The Administrative Appeals Tribunal (AAT) has ruled a political staffer was wrong to claim more than $3000 in clothing expenses as tax deductions over two financial years, despite her claims she was required to wear “high class” clothing to work.
The employee, who Fairfax reports worked as a senior adviser to former Prime Minister Kevin Rudd, challenged a decision about her tax bill for the 2013 and 2014 financial years. The employee argued she was correct to claim a deduction for clothes purchased given she was required to regularly meet with foreign dignitaries and executives, and was expected to wear clothing of a certain level that she would not usually wear.
However, AAT senior member Teresa Nicoletti outlined expenditure on “conventional clothing” is not permissible as a work expense.
In her decision, she outlined the only time a worker can claim a clothing expense for work is if it is “distinctive or unique to the nature of the employment; can be worn by members of the public; and is unsuitable for activities other than work”.
Because there was no evidence the staffer’s clothing purchases were “distinctive or unique to her employment” the tribunal decided they could not be claimed.
The staffer also sought to claim hospitality expenses and spending at department store Harrods, which were rejected as deductions because “substantiating evidence was not provided to establish that these were work-related expenses and not private or domestic expenses”.
She also had claimed travel expenses to cover the gap between what her employer covered each night for accommodation and the ATO’s guidelines for reasonable travel rates, which at $395 a night were higher than she was entitled to from her employer, but this claim was also rejected.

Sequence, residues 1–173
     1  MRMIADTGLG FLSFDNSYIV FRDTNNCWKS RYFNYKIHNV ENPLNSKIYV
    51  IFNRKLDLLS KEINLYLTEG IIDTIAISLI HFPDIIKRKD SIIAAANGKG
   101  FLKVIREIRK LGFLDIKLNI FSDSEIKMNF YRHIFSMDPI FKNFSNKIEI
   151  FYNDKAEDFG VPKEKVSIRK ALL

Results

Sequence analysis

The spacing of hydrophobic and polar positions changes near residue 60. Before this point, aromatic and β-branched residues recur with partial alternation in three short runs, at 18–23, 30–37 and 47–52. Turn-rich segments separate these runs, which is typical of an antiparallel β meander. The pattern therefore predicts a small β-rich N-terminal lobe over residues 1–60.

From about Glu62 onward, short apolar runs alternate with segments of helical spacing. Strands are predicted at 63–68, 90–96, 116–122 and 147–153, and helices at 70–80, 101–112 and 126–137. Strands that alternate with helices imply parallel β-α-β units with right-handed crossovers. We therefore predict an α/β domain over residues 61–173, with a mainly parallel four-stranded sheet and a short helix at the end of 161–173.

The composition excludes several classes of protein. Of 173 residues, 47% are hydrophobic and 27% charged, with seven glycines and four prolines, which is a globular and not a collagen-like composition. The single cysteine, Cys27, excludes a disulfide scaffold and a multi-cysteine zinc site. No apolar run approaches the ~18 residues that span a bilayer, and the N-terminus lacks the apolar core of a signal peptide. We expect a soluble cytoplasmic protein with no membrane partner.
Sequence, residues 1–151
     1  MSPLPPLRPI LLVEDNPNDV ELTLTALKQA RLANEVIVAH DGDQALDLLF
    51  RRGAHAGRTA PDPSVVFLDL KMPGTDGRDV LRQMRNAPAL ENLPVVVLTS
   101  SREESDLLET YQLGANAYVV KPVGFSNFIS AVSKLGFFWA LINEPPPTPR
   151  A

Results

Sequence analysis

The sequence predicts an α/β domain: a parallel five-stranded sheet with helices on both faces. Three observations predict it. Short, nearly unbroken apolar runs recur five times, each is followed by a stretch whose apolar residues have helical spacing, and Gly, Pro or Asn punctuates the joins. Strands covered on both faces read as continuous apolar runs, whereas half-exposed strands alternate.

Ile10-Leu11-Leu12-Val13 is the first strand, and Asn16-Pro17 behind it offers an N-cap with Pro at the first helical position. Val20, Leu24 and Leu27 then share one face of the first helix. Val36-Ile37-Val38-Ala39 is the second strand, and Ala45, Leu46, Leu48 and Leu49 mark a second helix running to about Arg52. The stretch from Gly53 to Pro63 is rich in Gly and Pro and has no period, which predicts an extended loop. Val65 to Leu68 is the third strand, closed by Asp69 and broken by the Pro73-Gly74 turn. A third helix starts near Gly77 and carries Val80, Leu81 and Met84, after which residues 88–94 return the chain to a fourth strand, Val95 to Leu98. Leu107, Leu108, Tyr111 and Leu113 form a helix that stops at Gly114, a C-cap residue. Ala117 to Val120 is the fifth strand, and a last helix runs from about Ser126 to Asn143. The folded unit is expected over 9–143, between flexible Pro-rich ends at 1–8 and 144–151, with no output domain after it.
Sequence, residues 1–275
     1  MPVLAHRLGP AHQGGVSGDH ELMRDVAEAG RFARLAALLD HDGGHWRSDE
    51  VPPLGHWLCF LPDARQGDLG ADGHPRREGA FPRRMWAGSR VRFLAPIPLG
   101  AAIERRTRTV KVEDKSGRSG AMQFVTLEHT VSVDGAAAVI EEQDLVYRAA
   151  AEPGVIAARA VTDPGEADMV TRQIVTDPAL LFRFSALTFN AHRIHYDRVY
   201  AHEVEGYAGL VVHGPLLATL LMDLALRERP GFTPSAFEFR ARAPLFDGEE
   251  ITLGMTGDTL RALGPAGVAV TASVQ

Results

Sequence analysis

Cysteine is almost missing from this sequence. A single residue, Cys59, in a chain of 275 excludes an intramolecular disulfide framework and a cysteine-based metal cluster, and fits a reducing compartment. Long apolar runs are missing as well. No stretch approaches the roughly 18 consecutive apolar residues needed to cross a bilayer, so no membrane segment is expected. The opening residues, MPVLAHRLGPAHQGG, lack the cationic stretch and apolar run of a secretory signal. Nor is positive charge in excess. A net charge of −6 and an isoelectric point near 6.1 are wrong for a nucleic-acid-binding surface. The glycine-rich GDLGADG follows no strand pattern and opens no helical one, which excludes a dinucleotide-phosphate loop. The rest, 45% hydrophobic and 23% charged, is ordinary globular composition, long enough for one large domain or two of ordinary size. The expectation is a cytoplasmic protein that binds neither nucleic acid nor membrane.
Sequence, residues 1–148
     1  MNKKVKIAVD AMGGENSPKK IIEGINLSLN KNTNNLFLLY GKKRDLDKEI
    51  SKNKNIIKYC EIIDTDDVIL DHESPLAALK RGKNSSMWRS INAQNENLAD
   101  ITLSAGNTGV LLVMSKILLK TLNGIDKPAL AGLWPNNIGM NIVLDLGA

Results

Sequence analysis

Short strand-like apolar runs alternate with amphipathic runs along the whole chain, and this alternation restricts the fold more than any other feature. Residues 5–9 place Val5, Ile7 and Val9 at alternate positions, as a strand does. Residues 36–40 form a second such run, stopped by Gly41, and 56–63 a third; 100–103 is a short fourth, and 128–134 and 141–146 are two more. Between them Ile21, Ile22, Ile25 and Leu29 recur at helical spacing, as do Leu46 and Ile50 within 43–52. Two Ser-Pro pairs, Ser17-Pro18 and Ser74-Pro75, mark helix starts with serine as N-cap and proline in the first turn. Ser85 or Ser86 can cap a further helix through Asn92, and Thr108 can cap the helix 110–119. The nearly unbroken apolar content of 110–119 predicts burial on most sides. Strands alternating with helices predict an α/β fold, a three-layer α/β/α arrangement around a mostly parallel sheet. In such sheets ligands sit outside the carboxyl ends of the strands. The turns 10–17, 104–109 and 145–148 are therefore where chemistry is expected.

More than $3,000 in work-related self-education claims were also made, including deductions for a French language course. Senior member Nicoletti decided it was likely French language was “an important skill” in her work-related duties, but found no evidence of the expenditure was provided, so the expenses could not be deductions.
The worker has told the Fairfax she accepts the decision of the tribunal and will pay what she owes. SmartCompany was unable to contact her prior to publication.
Clothing claims have multiple hurdles
According to the Australian Tax Office, the only time an employee is able to claim a tax deduction for clothing warn to work is when “clothing that is specific to your occupation, is not everyday in nature and allows the public to easily recognise your occupation”.
Principal at Perigee Advisers Lisa Greig says while many are still tempted to claim for clothes they wear to work, individualsmust remember they have to jump several hurdles before a claim is valid.
“If it’s something you can wear outside work, then you can’t [claim it],” she says.
This extends to occupations where formal wear is required, because in most cases formal wear can also be worn in a private capacity outside of work, Greig explains.
“The first gate you have to pass through is the connection [between your clothes and] earning an income,” she says.
For workers in “novel professions” like performance or those requiring protective clothing, what they wear to work is directly related to their ability to do their jobs and therefore usually claimable, Greig says.
The ATO will also consider whether the goods could feasibly be worn by other members of the public or in a private capacity when a worker is not on the job.
“People think, ‘I need to do it for my job, therefore I can claim it’ — but for most things, if it has an application in something outside of your work, it’s a private expense.”
In July the ATO issued a warning to taxpayers to “pull up their socks” when it comes to uniform and laundry claims, with assistant commissioner Kath Anderson outlining these claims have increased by 20% over the past five years.
There were $1.6 billion in work uniform claims made in 2015, a figure tax commissioner Chris Jordan said earlier this year would mean half of Australian taxpayers need things like protective clothing.
Greig says while it’s tempting for workers to make a claim without fully being able to substantiate it, there is big scrutiny from the tax office on these issues.
“Can you justify it? These claims have to make sense.”